Friday, January 10, 2020

For the Life of the World by Alexander Schmemann

A Christian is the one who, wherever he looks, finds Christ and rejoices in him. And this joy transforms all his human plans and programs, decisions and actions, making all his mission the sacrament of the world's return to him who is the life of the world.
This book was literally pressed into my hands by my spiritual director and I read it slowly it over several months. The author was an Eastern Orthodox priest but any Christian can get a great deal of insight and inspiration from this wonderful book. He looks at the connection between daily life and the sacraments and liturgy of the church. As a result, we are repeatedly drawn into fresh realizations about how present God is in everyday life ... and how connected that is with the liturgy.

I realize that doesn't make it sound very exciting. But it is. Chalk it up to my inability to properly describe this book which gave me some revelatory moments. This is lengthy but gives a sense of the book.
Man is a hungry being. But he is hungry for God. Behind all the hunger of our life is God. All desire is finally a desire for Him. To be sure, man is not the only hungry being. All that exists lives by "eating." The whole creation depends on food. But the unique position of man in the universe is that he alone is to bless God for the food and the life he receives from him. He alone is to respond to God's blessing with his blessing. ...

Centuries of secularism have failed to transform eating into something strictly utilitarian. Food is still treated with reverence. A meal is still a rite—the last "natural sacrament" of family and friendship, of life that is more than "eating" and "drinking." To eat is still something more than to maintain bodily functions. People may not understand what that "something more" is, but they nonetheless desire to celebrate it. They are still hungry and thirsty for sacramental life.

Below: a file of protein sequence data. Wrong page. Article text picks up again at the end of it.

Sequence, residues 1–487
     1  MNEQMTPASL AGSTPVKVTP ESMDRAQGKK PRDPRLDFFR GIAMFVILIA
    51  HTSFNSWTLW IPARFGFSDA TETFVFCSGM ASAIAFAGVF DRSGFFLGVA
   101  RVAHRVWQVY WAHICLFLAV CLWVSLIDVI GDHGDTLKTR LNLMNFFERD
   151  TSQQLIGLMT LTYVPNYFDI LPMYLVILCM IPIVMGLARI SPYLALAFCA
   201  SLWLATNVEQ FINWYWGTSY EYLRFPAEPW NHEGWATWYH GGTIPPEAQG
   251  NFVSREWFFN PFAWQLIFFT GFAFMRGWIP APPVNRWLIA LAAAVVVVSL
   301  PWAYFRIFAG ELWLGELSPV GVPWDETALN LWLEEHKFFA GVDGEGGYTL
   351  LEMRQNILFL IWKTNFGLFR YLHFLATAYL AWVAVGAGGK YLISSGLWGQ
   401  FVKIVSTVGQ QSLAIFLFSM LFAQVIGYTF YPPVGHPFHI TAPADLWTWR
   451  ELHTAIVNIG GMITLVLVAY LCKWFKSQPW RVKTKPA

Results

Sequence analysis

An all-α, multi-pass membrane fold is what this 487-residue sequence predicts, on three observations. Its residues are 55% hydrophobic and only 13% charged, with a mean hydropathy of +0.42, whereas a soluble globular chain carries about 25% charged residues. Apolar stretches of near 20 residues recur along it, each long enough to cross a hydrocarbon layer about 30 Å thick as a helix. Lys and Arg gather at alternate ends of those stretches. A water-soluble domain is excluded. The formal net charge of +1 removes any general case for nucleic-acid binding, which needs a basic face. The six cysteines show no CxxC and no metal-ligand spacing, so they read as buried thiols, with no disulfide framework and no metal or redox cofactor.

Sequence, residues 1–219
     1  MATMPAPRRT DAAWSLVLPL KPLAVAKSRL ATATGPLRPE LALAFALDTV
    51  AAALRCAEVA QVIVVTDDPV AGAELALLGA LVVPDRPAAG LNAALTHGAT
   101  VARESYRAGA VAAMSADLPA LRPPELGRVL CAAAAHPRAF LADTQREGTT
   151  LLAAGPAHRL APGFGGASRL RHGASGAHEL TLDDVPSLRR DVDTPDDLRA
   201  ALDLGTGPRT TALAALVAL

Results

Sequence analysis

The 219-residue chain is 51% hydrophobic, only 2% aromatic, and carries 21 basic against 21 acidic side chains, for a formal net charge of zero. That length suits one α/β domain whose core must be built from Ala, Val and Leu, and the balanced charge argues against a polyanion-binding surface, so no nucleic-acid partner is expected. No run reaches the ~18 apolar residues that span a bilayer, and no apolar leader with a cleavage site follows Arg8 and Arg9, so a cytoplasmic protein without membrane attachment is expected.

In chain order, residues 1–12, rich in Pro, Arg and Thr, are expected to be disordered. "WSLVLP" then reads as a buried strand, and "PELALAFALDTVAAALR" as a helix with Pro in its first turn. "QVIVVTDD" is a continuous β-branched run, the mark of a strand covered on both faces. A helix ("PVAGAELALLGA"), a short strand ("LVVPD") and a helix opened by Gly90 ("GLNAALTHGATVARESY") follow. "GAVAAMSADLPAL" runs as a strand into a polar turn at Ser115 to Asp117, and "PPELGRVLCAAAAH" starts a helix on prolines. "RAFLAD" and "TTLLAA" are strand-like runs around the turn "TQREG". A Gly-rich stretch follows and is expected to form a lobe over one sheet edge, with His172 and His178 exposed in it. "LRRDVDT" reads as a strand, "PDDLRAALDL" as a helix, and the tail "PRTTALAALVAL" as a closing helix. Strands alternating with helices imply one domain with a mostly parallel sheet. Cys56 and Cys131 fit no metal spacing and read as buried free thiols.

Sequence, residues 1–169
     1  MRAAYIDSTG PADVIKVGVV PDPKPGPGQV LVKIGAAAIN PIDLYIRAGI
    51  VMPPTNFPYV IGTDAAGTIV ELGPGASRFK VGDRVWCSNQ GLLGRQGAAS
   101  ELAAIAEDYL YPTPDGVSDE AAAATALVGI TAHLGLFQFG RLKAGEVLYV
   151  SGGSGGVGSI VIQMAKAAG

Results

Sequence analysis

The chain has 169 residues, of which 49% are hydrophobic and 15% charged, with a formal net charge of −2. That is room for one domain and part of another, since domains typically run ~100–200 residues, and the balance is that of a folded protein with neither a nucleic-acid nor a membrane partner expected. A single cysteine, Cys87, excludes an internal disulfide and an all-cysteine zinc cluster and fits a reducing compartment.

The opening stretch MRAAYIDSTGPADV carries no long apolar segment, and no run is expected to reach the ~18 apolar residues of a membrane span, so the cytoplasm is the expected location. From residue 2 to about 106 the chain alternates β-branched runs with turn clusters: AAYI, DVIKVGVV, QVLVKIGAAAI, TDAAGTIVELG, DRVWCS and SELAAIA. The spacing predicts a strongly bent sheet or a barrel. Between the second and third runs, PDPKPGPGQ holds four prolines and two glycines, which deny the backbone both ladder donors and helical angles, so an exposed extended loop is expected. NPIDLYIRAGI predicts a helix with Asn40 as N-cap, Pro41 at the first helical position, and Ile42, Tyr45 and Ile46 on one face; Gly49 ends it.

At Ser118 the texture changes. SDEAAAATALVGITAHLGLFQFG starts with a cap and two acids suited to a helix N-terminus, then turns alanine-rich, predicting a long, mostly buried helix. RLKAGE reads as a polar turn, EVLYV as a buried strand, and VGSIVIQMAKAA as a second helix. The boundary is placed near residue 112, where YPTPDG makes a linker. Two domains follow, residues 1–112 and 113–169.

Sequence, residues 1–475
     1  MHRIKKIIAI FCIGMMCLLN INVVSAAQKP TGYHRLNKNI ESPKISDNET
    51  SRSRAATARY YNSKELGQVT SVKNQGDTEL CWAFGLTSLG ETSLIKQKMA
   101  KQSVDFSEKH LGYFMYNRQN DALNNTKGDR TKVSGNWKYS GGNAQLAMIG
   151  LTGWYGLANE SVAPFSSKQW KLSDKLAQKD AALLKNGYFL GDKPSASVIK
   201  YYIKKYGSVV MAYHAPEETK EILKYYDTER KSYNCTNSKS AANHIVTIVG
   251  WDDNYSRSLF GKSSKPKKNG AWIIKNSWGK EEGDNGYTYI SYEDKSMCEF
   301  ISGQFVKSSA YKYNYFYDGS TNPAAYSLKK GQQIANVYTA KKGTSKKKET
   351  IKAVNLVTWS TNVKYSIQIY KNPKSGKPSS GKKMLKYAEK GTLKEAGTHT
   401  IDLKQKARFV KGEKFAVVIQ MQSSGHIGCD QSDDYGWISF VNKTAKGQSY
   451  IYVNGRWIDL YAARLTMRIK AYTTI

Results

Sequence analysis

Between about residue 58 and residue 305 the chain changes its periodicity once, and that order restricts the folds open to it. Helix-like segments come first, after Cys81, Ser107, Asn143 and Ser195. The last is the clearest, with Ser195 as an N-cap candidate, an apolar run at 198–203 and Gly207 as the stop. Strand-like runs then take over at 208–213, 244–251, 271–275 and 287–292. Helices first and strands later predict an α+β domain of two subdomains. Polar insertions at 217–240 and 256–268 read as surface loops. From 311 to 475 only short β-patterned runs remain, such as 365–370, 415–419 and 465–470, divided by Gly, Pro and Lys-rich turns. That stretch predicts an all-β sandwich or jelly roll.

It is not accidental, therefore, that the biblical story of the Fall is centered again on food. Man ate the forbidden fruit. The fruit of that one tree, whatever else it may signify, was unlike every other fruit in the Garden: it was not offered as a gift to Man. Not given, not blessed by God, it was food whose eating was condemned to be communion with itself alone, and not with God. It is the image of the world loved for itself, and eating it is the image of life understood as an end in itself.
This is one of the most inspirational books I've ever read. I may just begin again at the beginning.

1 comment:

  1. Hi, Julie, I first read this book more than 20 years ago as a seminarian. It is still one the best books I know of on the intimate connection between the liturgy of the church and everyday life. Thanks for your review and I wholeheartedly agree with your assessment of the value this book.